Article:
with Sea Warriors
Bring on the surf and the sand.
Chad Wagner is leaving the rather damp and dark springtime weather of Washington state for sunnier skies when he toes the mound of the University of Hawaii-Pacific in the fall.
Wagner, a 2006 Sequim High graduate, had a banner season for Lower Columbia College, perhaps the perennial best team in the Northwest Association of Community Colleges. Wagner, one of the team’s captains, was 8-1 with a 1.26 earned-run-average, racking up a 6.5 -1 strikeout-to-walk ratio. For his exploits, Wagner was named First Team Western Division pitcher, First Team All-NWAACC pitcher and — showing he can rule the books as well as the pitching mound — earned First Team All-Academic in the conference.
Only one thing eluded Wagner and the Red Devils: an NWAACC title.
Needing one win in two games against Edmonds, Lower Columbia fell 4-3 in 13 innings in game one and 6-4 in the nightcap.
“It was devastating,” Wagner said. “We hadn’t lost two games in a row all year.”
There wasn’t anyone blaming Wagner, who struck out five, walked one and gave up one run in five-and-a-third innings in game one, the heartbreaker. In more than 10 innings pitched in the NWAACC tournament, Wagner got exactly zero runs of support from an otherwise potent Lower Columbia offense.
“That absolutely killed me, “ he said.
Wagner’s plans were settled well before the tourney. He and fellow Red Devil Bas Nooij, a catcher from Holland, signed on to play at Hawaii-Pacific, a Division II school.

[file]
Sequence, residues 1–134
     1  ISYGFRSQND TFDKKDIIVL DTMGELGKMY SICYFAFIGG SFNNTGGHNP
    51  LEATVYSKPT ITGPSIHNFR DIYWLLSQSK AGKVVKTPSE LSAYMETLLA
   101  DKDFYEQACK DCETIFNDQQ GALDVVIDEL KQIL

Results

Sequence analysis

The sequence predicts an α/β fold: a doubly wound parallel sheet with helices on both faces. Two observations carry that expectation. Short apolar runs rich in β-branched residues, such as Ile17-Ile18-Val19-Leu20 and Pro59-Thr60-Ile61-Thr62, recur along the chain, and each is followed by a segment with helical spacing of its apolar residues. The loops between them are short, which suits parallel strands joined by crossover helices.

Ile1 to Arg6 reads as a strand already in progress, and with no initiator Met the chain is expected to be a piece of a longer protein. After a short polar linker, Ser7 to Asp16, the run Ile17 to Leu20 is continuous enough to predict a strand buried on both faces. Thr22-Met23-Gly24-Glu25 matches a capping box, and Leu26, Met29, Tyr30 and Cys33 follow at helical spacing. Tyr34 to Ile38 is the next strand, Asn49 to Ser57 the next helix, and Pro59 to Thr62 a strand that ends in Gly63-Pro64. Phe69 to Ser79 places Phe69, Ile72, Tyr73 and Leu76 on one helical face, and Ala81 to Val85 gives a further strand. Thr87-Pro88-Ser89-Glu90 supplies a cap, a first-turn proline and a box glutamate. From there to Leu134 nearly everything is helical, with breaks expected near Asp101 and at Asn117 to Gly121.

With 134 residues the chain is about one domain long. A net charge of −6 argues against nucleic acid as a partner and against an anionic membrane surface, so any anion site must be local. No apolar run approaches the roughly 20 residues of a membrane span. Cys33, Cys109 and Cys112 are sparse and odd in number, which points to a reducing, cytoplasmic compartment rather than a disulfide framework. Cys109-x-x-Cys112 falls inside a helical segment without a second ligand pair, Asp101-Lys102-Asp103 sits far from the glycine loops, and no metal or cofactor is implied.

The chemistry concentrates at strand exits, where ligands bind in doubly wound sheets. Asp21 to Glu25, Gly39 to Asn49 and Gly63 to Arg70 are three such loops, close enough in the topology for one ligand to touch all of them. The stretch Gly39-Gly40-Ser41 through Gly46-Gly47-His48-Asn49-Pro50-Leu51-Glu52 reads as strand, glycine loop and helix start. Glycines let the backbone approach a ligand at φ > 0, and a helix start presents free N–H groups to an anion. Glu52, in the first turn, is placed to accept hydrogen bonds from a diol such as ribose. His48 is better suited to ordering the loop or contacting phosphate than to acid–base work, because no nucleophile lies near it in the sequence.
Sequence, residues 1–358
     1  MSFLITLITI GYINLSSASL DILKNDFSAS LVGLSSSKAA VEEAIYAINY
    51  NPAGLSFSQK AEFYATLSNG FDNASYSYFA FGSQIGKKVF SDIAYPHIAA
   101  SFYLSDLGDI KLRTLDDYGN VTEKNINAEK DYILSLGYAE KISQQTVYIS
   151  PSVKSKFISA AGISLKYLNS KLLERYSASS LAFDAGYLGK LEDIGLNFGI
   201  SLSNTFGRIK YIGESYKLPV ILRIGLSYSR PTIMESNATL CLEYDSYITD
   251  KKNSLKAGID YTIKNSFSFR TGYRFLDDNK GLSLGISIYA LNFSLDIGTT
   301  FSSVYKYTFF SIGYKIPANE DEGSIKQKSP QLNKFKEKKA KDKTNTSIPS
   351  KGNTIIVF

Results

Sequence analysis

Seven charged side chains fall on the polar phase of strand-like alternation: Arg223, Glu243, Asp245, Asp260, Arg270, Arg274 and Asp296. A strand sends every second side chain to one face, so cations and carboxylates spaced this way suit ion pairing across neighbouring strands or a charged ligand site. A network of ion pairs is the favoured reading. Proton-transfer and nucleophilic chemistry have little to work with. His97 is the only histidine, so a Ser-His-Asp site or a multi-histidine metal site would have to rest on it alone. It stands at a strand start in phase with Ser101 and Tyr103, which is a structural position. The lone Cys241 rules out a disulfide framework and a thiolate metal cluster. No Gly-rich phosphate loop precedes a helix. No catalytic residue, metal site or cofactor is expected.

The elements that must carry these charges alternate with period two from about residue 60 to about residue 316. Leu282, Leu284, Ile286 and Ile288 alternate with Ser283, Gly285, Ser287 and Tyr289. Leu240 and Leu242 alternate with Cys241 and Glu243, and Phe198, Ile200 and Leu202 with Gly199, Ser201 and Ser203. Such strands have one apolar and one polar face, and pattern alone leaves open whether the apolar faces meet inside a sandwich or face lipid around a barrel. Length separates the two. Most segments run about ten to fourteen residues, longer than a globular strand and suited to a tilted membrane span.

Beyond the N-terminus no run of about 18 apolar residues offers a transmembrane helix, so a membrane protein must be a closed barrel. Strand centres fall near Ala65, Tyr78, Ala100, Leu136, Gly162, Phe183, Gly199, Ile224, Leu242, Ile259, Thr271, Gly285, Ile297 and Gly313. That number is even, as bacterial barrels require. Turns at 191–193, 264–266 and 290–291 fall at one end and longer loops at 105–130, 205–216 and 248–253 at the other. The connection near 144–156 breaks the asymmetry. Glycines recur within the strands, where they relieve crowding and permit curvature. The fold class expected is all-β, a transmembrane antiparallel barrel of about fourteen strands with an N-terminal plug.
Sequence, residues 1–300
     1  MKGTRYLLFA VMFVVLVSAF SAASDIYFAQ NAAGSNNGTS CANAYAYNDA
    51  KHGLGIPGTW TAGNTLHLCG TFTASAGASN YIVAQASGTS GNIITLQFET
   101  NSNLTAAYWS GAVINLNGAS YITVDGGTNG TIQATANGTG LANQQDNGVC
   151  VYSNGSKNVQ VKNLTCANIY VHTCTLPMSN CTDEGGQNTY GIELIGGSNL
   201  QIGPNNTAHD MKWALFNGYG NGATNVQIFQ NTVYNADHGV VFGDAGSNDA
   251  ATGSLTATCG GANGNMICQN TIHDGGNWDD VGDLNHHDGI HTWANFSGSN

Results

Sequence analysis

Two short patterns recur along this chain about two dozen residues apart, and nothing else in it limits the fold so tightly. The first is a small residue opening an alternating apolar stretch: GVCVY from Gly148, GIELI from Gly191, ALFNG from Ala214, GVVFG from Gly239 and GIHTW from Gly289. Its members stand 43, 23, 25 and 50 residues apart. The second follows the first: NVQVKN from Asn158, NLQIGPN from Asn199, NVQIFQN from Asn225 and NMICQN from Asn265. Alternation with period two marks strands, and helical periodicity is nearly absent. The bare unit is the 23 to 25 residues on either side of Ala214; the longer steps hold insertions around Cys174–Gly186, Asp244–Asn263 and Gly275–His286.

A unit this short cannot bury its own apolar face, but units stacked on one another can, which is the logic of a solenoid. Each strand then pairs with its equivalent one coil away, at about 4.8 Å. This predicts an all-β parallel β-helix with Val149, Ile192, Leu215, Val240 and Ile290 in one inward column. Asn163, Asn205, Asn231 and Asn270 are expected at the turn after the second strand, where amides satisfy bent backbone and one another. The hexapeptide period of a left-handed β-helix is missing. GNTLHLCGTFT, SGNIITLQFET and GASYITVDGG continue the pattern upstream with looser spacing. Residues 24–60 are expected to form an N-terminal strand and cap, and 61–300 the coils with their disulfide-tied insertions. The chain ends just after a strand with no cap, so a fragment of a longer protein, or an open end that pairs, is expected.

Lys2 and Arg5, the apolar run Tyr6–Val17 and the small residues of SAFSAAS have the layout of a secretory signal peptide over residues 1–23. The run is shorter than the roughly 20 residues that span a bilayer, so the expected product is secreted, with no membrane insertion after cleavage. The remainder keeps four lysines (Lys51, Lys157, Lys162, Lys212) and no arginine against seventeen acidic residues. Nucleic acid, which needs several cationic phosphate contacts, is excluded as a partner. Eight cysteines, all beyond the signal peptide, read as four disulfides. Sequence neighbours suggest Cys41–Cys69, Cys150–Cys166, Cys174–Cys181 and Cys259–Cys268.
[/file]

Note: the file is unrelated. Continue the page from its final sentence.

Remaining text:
“That program is being completely turned around … and still has the work ethic that LCC had,” Wagner said, after inking a deal in December for an 80-percent scholarship. “I want to get drafted (and) … it’s a great opportunity to be seen.”
The Sequim grad is hoping scouts notice his much-improved offspeed pitch and his low-90s fastball, either in Hawaii or for the Kitsap County-based Blue Jackets of the West Coast Collegiate Baseball League. Four Blue Jackets were drafted in the Major League First-Year Player Draft last week.
“I’m going to school to be a chiropractor,” Wagner says, “ But I really want to play professional baseball.”
Chinn picks LCC
A hitting machine heads to a baseball factory.
A key bat — and key outfielder — for the Sequim High Wolves’ varsity squad for four seasons, Yolanda Chinn is headed to one of the most successful community colleges in the Northwest after signing to play for the Lower Columbia Red Devils.
Chinn was an all-league center fielder in her senior season after hitting .406 and smacking two doubles, a triple, three home runs and five RBIs. The postseason honor was her second consecutive all-league first team honor and third overall.
Chinn says she heeded the advice of friend from Port Angeles to give Lower Columbia a chance, considering the school’s dynasty-like track record; the Red Devils have won nine NWAACC championships in the past 10 years.
“I did a tryout and the coach (Tim Mackin) said I had a really good swing,” Chinn says. “He said as long as I’m hitting the way I am right now, I’ll start.”
A scholarship offer followed, and the Sequim senior had her sights set. But don’t expect the three-sport star to try her hand at hoops or soccer like she did back in Sequim; Chinn says coaches want her to focus on softball.
“With softball and school, it’ll probably be enough,” Chinn says.
An Olympic Peninsula pitcher plans on joining her in Longview this fall, but it won’t be teammate Carly Swingle, who signed with Peninsula College this spring. Instead, Aly Rae of Port Angeles, a foe of Sequim’s for years with the Roughriders and the Chimacum Cowboys, signed to play for Lower Columbia as well.
“It’ll be tough (to leave home), but I’m definitely ready to go on my own,” says the Sequim softball star.
Chinn says she’s aiming for a bachelor’s degree in exercise science and physical education, and might want to coach someday.
Editor’s note: Look in next week’s Gazette for more Sequim athletes seeking athletic glory in college.